Professor Sarah Ferber an academic who specializes in early modern European religion and contemporary bioethics. And has written several books on the topic including Demonic Possession and Exorcism in Early Modern France, declined an interview but provided faqs and links to other resources to assist.
In those documents, she describes exorcisms as a cosmic battle between good and evil, for the soul of an individual. An exorcism seeks God’s aid in delivering a person from the clutches of the devil or demons. Those documents may also hold the key as to why Pastor Chapman was able to do what he did without direct permission from a Bishop or the Archbishop.
In the texts provided By Professor Ferber under the headline of “WHAT IS AN EXORCIST” came a potential answer.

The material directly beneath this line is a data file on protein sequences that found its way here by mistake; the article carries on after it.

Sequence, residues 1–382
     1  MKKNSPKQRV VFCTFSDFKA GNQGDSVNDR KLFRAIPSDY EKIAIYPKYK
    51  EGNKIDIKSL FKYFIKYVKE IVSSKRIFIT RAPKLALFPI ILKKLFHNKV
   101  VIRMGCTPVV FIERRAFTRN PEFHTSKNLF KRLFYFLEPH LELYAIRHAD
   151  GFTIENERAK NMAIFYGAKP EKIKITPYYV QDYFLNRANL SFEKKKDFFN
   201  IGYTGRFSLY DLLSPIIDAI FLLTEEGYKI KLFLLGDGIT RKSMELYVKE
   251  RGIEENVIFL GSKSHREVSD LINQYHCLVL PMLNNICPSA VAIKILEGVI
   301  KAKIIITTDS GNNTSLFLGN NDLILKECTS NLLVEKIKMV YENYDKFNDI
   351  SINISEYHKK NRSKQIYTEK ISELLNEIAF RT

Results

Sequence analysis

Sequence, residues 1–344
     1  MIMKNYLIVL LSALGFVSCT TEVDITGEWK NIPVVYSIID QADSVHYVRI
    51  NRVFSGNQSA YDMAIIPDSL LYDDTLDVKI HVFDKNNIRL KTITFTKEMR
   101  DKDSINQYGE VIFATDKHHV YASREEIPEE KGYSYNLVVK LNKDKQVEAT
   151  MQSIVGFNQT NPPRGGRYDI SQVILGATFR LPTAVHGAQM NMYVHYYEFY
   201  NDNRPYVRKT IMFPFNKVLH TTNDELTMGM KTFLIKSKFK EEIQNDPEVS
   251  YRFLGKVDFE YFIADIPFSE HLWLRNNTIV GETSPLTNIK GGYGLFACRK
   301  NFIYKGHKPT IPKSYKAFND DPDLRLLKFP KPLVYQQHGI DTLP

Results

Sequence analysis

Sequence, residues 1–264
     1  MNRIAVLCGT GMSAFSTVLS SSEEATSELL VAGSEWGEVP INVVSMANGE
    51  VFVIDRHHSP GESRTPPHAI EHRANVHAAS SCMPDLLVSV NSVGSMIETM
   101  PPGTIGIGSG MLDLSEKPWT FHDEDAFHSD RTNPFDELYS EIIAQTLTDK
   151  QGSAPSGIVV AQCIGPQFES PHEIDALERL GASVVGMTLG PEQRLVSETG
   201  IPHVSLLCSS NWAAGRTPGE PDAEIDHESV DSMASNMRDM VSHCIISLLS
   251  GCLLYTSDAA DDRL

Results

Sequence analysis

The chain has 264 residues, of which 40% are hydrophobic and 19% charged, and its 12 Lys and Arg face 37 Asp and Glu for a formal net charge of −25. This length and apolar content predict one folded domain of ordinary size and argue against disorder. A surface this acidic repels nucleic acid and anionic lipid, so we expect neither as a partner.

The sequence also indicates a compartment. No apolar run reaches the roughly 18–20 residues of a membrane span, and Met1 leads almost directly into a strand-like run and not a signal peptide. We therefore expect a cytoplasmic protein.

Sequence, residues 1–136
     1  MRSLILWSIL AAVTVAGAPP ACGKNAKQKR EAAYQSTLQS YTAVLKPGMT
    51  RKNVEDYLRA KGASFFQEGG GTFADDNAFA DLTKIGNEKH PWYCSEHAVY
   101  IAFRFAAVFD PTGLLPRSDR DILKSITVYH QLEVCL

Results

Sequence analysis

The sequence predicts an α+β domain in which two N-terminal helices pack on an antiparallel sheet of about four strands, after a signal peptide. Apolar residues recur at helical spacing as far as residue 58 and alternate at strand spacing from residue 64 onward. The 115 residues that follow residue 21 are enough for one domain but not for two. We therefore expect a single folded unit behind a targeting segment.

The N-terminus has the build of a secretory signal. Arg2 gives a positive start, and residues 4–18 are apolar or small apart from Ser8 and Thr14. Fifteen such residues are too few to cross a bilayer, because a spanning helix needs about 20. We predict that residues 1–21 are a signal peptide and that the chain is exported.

“Within mainstream churches, there are strict rules about who may and may not carry out exorcisms.”
This is something Archbishop Hart was adamant about a rule that could not be broken, However, the Professor continued on
“Theologically speaking, the biblical-sanctioned capacity to cast out demons in the name of Jesus, might be available to anyone.”
Which is exactly what Maurice had done, during the deliverance ceremony he had not invoked the name of God but Jesus.
“Out in the name of Jesus, out in the name of Jesus, out, out.”
Those words were spoken again and again by Chapman. Like the Professor had described not God himself but Jesus.
The actions of Maurice during that night and Ferber’s writings aligned more and more
Continuing her description of what is an exorcist she goes on to say
“That is one of the reasons why the practice seems to be so popular: many people are neither clerics nor part of a larger institutional church set store by their ministry of exorcism or deliverance.”
This last paragraph is the explanation as to why Chapman can lead the Oracle ministry and perform these deliverance and healing ceremonies without church approval.